Manufactured by Arredoluce, 1952
Lacquered metal and nickel
H. 165 cm
Angelo Lelli (1911-1979), both an industrialist and a designer, designed his first lamps, which he made in his cellar in 1943. In 1947 he founded Arredoluce in Monza, and participated to the Triennale of Milan with a three-arm adjustable lamp which became world famous as the Triennale. The watchword of the firm: a high level of quality, resulting in reduced production. Designers as Gio Ponti, Mario Tedeschi and Ettore Sottsass worked for Arredoluce, precious materials as copper, marble, black lacquered aluminum, opaline were used.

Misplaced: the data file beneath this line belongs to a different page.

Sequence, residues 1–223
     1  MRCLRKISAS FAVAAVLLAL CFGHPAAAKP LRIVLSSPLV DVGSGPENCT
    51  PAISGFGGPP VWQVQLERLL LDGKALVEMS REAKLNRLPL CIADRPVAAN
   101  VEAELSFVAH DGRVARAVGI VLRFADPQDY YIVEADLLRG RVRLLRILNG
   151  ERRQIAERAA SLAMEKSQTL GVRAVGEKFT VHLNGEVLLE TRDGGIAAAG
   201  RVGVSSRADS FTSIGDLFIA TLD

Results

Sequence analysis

The man is so mysterious, even secret, that one is not sure of the spelling of his name, even if the specialists lean towards Lelii. He has always hidden behind his company and his products.
Should Angelo Lelii’s creations be called lamps? The word sculpture seems more appropriate to his work. The range of shadows is a calculated and important element in all his works. As for the technique, the welds are almost invisible on his lamps, for which he was one of the first to use halogen bulbs, and created a long used switch. Its lamps sometimes had names, sometimes numbers, but most often nothing to designate them.